I often use this blog as a way to think out loud. This will be one of those posts.
Burning Flipside is nominally produced by Austin Artistic Reconstruction LLC (known simply as “the LLC” in the local community of Burners), a five-person organization. Most of the operational work is done by a large volunteer organization; on the policy side, there is also an advisory board called the Combustion Chamber (“the CC”). I’m a member of the CC. We meet every other Monday, more or less, and argue about The True Meaning of Flipside.
The problem of boundaries
Flipside seems to many people like a default-permit environment for personal behavior: anything goes. This is not true—there are a lot of behaviors that definitely will not fly, but it’s a much more tolerant atmosphere than default reality. Flipside is all about personal expression, and people can get away with calling almost anything “art” and be taken halfway seriously. This may include behaviors that would not fly in default reality.
At our most recent CC meeting on 8 Aug, one of the agenda items was non-sexual boundaries (we had discussed sexual boundaries at a previous meeting). As I said at the meeting, this is an incredibly knotty issue, and the more I think about it, the more it winds me up. There are multiple ways in which it’s a problem, and multiple ways in which dealing with the overall problem poses a challenge to the Flipside organization.
We discussed some problems in a general sense: vandalism/theft/property damage, menacing behavior and assault.
We also discussed a specific incident: Flipside has a no-weapons policy, and this year, someone had a (plugged and non-functional) pistol that he was using to threaten people. Unsurprisingly, it freaked some people out. But this guy could reasonably claim that this provocation was his “art.”
We wound up getting into a discussion of setting a policy for realistic but fake weapons, basically that they can’t be realistic-looking enough to fool anyone. This strikes me as a sidetrack we should avoid. It practically dares Flipside participants to find new and interesting ways to subvert the rules, which would invite an endless game of policy whack-a-mole.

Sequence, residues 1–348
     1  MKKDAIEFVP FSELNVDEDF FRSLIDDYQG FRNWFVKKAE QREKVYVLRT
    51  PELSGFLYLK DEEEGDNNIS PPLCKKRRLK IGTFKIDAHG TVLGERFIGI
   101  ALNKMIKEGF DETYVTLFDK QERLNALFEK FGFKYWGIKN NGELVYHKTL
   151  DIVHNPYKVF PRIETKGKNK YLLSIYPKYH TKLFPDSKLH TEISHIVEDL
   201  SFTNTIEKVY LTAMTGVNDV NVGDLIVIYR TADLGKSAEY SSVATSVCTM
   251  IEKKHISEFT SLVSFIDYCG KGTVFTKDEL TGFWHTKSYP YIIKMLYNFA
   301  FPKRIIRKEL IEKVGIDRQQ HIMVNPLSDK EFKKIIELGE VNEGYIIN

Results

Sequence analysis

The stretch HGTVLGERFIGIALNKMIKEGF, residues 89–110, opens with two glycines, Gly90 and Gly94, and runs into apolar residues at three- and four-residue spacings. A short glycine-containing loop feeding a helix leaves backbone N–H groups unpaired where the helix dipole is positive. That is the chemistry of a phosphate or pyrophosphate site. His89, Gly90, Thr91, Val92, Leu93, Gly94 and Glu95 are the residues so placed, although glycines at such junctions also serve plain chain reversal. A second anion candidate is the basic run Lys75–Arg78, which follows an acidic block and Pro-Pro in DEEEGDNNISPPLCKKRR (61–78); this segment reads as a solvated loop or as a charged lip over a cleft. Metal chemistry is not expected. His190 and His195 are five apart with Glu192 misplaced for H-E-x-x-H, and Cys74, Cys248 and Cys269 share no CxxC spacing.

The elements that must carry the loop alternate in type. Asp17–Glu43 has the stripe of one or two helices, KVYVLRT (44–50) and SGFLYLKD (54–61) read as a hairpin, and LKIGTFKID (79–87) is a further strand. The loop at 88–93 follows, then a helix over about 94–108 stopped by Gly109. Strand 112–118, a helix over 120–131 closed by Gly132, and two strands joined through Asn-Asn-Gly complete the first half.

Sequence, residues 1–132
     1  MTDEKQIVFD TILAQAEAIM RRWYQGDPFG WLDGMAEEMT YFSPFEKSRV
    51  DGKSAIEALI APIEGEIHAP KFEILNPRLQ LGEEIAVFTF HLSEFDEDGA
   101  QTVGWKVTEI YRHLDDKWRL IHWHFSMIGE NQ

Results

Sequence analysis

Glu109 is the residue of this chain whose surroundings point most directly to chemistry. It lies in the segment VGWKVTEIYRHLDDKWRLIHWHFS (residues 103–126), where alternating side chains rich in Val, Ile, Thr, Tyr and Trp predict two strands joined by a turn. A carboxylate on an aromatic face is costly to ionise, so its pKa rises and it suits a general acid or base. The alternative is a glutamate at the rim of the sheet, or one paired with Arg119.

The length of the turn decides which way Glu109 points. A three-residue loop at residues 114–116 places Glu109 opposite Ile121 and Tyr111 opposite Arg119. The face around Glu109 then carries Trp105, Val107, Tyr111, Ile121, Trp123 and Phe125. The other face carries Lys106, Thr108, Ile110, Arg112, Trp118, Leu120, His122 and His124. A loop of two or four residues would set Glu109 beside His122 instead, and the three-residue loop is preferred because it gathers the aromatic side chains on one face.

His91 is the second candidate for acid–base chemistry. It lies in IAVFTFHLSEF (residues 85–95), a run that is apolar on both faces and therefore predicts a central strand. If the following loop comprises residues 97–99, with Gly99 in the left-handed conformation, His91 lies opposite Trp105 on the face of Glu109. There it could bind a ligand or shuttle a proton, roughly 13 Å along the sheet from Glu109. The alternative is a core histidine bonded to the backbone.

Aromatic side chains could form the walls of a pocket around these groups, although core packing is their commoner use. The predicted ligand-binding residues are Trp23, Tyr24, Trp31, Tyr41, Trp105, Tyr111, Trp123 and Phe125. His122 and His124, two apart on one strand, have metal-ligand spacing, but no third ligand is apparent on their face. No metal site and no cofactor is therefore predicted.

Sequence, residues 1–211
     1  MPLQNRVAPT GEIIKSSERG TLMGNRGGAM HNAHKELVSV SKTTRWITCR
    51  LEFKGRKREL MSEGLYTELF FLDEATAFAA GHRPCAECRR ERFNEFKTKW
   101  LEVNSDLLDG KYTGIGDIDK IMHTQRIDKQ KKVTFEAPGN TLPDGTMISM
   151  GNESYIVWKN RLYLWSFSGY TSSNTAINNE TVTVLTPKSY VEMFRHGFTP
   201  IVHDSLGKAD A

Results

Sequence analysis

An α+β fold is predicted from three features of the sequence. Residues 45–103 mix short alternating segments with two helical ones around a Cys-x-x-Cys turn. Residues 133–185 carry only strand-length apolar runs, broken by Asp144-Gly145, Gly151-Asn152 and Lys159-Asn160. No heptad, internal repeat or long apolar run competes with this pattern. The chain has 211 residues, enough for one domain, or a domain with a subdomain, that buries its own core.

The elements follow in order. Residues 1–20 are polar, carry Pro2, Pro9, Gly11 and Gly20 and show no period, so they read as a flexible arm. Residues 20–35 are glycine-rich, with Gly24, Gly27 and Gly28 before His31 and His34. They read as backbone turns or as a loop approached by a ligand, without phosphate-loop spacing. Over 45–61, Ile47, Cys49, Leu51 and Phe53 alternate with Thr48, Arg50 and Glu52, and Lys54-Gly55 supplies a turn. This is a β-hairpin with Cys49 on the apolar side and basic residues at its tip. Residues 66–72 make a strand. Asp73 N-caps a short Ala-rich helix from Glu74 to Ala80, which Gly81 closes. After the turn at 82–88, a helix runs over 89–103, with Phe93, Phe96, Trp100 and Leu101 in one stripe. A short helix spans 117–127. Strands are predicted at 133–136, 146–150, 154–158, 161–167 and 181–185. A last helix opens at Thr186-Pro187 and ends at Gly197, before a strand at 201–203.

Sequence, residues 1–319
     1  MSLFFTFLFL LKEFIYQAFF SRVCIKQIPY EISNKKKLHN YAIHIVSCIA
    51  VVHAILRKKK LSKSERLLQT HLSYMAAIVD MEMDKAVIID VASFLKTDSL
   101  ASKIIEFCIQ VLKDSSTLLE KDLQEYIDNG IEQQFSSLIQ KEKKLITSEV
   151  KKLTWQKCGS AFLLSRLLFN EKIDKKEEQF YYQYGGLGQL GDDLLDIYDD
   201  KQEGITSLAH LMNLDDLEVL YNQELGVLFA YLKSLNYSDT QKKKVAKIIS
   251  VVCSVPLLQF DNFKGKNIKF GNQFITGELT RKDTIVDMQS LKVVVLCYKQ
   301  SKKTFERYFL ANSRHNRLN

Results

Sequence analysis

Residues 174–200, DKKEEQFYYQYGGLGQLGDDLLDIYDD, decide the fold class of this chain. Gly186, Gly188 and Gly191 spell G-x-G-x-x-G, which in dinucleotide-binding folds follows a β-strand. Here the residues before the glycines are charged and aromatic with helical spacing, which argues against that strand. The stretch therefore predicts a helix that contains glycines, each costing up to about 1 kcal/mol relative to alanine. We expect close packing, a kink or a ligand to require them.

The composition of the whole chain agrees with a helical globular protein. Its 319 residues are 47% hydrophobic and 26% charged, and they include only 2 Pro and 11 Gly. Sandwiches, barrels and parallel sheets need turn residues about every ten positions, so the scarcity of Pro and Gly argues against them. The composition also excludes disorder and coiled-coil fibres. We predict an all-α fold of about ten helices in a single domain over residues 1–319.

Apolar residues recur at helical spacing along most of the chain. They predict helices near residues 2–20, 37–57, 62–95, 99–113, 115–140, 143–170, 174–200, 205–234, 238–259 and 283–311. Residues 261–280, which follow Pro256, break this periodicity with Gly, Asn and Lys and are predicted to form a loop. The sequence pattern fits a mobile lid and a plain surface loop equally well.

I’ve heard it said that simple rules produce complex behaviors, and complex rules produce simple behaviors. That approach would put us on the path of complex rules producing simple behaviors, which is not what we want.
It strikes me that the gun is just the form that this incident took: the broader problem that underlies it is the non-consensual nature of the interaction between the guy who was brandishing the gun and the people he was brandishing it at. There’s a certain baseline level of stuff you need to be prepared to put up with at Flipside—loud music at all hours, naked people whose bodies you might really prefer not to see, startling explosions, even dubstep. It’s not clear where line demarcating “stuff I need to put up with” and “stuff I don’t” lies, but being physically threatened without opting in, even as a form of performance art, is on the wrong side of that line.
All that being said, the case was made that realistic fake guns could pose other problems that might need to be addressed at a policy level, specifically, that any LEOs on the property might see the gun and respond as if it were real.
That’s one incident. On the more general subject of boundary-pushing, there could be clear-cut crimes, there could be simple miscommunication between two well-intentioned people, and there could be something in between: not necessarily a crime, but an incident where one person is being an asshole and provoking someone else. If it’s a crime, we can leave it to the legal system (although that can be traumatic enough that people might not want to bother). If it’s not, one suggestion was to rely on “community response,” but that has its own problems. One is that community response can turn into vigilantism. Another is that it might not appear as an option to someone who’s a first-timer at Flipside, or simply not well-connected to the community. These people could reasonably expect that the Flipside organization should have their back, but that puts us in the role of adjudicating what happens, and there’s a lot of reluctance to do that. I don’t see any easy resolution here.
Finally, another philosophical problem. It seems that most of these boundary-pushing problems at Flipside are caused by a handful of people. Flipside is an experimental community with a population of about 2,500 people. The point is to try to make a different way of organizing community work, generally emphasizing self-reliance and personal responsibility instead of more damn rules. With that in mind, is it better to set rules that will apply to everyone at Flipside—and potentially preclude legitimate forms of expression by people who aren’t troublemakers—or to simply deal with those troublemakers on a case-by-case basis? The former is bureaucratic and violates the not-more-rules approach. The latter is prone to capricious and unfair enforcement. But perhaps not in the way you’d expect: at the CC meeting, one of the people present pointed out that our most notorious troublemaker essentially gets a free pass for crap that would get other people ejected (if not arrested), because we expect it from him. As things are, and as they will continue to be, the LLC does make difficult case-by-case judgments about individuals, but that wouldn’t prevent them from writing policies as well.
TL;DR: the policy problems I’ve tried to identify here are:
- Do we write policy based on the outward form a boundary problem takes or the underlying issue?
- How do we identify what a legitimate problem is?
- How do we respond when we have identified a problem? At the community level, at the organization level, or not at all?
- Do we write policies that affect everyone in response to the actions of the few?
These are questions. I don’t have good answers.